These jazz originators were black, and Marsalis’ wholly appropriate veneration of them ignited charges of racism from a hostile white press.
“It appears that (Marsalis) is reviving not only the older music but also the reverse racism popular among black musicians in the fifties and sixties,” wrote Whitney Balliett in The New Yorker in 1991.
In fact, Jazz at Lincoln Center would go on to salute dozens of white players, but — at its start — it clearly was making a statement about the creators of the art form.
Marsalis, characteristically, would not bow to his critics.
“When I play the Hindemith Sonata on trumpet, I have no problem saying that I’m trying to address German objectives,” he told me in 1994. “Or if I’m playing Debussy’s music, I’m trying to address French styles. That is not insulting to me.
“So why should it be insulting to white American musicians to play in the Afro-American idiom. Why is that an insult?
“I’m the artistic director, and the music that we pick is based on my taste. If you want to play jazz trumpet, you have to deal with Louis Armstrong, whether you are white or black. Why is that racist?”
Marsalis remained defiant on other jazz issues, as well, using the pages of his book “Sweet Swing Blues on the Road” (1994) to decry the “capitulation” of Miles Davis to rock cliches and bemoan America’s general “cultural celebration of the insignificant.”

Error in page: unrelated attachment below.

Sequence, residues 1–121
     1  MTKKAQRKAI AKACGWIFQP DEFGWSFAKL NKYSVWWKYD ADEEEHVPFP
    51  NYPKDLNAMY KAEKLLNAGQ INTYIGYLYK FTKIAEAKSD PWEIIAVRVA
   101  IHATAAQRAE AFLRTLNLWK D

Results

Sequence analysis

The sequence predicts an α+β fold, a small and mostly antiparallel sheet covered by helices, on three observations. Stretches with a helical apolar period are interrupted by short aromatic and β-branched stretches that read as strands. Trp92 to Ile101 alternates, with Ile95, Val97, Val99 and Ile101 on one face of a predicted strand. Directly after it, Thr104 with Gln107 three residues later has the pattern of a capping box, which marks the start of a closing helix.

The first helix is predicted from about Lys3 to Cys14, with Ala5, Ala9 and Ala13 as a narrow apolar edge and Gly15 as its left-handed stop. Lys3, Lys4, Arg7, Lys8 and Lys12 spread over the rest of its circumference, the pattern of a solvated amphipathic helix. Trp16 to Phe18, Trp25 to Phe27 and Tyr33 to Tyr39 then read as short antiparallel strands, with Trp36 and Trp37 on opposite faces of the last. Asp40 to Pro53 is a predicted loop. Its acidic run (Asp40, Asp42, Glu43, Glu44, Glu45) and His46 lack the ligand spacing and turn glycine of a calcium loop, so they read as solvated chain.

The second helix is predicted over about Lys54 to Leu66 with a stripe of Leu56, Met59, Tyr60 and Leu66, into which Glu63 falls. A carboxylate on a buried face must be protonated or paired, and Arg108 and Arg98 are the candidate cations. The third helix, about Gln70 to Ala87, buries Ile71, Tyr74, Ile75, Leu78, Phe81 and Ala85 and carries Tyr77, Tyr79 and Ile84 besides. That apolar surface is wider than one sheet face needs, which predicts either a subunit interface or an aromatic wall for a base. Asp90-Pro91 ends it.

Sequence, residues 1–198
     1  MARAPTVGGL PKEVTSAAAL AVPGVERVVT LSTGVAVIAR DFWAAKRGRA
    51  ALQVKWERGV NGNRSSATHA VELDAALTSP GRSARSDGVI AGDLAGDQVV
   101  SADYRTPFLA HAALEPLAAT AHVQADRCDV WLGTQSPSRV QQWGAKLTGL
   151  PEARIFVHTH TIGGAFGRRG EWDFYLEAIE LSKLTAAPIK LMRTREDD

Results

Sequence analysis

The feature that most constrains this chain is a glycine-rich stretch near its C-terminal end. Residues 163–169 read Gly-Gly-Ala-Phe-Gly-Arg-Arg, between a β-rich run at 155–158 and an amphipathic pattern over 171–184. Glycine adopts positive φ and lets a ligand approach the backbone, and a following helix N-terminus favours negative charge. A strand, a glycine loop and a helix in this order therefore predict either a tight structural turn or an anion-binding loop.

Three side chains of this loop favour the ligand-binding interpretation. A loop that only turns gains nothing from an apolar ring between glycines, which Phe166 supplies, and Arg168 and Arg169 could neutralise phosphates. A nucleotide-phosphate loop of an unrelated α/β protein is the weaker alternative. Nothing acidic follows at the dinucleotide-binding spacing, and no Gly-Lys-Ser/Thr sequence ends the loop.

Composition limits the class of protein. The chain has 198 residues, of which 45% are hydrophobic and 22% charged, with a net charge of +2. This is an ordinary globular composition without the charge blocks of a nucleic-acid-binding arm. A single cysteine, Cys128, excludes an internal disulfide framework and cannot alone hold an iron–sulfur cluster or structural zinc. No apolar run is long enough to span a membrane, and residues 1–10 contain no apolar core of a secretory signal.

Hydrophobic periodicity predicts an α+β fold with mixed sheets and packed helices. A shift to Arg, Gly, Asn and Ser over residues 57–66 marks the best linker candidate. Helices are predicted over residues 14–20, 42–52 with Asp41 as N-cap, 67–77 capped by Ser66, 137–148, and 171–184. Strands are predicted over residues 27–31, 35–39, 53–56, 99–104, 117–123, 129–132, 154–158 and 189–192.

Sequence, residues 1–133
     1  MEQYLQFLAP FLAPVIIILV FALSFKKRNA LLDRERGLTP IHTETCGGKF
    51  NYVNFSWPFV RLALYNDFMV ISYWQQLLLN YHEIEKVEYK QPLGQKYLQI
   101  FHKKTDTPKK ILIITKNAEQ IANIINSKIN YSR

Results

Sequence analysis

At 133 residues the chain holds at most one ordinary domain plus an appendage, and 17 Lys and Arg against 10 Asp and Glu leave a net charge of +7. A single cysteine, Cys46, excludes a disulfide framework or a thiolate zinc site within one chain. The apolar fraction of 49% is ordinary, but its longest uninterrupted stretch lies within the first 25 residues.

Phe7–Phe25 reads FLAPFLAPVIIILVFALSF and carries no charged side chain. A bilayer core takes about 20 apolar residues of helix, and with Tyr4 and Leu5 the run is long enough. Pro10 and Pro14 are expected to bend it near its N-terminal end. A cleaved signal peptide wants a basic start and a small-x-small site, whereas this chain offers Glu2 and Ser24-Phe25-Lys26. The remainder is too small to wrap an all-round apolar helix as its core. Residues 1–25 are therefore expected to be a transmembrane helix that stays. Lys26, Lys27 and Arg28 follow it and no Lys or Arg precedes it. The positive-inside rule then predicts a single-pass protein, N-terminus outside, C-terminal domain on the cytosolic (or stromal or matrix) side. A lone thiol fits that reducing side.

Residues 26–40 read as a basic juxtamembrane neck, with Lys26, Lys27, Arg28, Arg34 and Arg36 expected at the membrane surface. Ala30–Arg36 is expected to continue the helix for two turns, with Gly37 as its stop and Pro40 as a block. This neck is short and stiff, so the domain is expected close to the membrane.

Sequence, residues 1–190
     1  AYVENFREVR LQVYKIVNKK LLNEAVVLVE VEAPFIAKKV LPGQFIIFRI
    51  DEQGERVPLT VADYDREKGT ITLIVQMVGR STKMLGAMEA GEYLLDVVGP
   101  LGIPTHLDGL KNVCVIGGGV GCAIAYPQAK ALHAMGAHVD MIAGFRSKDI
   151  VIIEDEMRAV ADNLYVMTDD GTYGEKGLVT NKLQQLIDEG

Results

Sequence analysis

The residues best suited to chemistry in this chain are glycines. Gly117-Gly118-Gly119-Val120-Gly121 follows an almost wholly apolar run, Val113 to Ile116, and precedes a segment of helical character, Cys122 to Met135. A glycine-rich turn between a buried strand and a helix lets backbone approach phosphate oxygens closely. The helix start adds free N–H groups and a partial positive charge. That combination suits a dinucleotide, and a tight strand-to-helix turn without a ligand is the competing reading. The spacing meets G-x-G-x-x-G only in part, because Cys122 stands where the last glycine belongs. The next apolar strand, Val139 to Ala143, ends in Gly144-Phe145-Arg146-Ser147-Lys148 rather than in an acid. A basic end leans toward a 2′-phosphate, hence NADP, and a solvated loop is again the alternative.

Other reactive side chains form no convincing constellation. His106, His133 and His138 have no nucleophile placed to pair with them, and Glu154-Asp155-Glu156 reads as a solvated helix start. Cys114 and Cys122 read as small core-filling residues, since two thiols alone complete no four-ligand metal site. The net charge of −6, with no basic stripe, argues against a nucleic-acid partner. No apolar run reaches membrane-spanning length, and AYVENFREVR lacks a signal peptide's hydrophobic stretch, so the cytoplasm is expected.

These words did not make Marsalis a hero in the precincts of pop or jazz criticism, but he and Jazz at Lincoln Center would not be stopped. In 2004, Jazz at Lincoln Center opened America’s first arts nexus devoted to jazz, a $128 million complex at Broadway and 60th Street.
It’s critical to remember, though, that amid this dizzying pace of activity, Marsalis has composed and recorded without pause. Though not every release can be considered a triumph, the high points have given jazz a library of compositions of considerable musical depth and stylistic bravura.
The lush pictorial effects of “Soul Gestures in Southern Blue” (1991) and the bristling counterpoint and bustling rhythms of “Citi Movement” (1993) set the stage for Marsalis’ greatest suite until that time, “In This House, On This Morning” (1994), a jazz evocation of gospel church service.
Then Marsalis pushed further, addressing the horrors of slavery in “Blood on the Fields” (1997), a three-hour vocal-instrumental epic distinguished by movements such as the harrowing “Forty Lashes” and the searing “Soul for Sale.” In 1997, the piece became the first jazz composition to win the Pulitzer Prize in music (I served on a jury that unanimously recommended the work to the Pulitzer Board).
Musically, Marsalis has recalibrated his artistic voice in many ways. His symphonic-choral work “All Rise” (2002) showed him wrestling with questions of faith, crisis and deliverance on a Mahlerian scale. His scorching CD “From the Plantation to the Penitentiary” (2007) featured his incendiary, spoken rant on the sorry politics of our day.
In all, it’s a staggering inventory, and it piques one’s appetite for the work yet to come, particularly a promised opera for a jazz world sorely lacking in them.
If Marsalis never played or composed another note, he still could lay claim to having lifted the stature of jazz in America.
More than anyone, Marsalis brought jazz back into the American conversation, and for that he deserves warm birthday wishes indeed.
by Howard Reich
Source: Chicago Tribune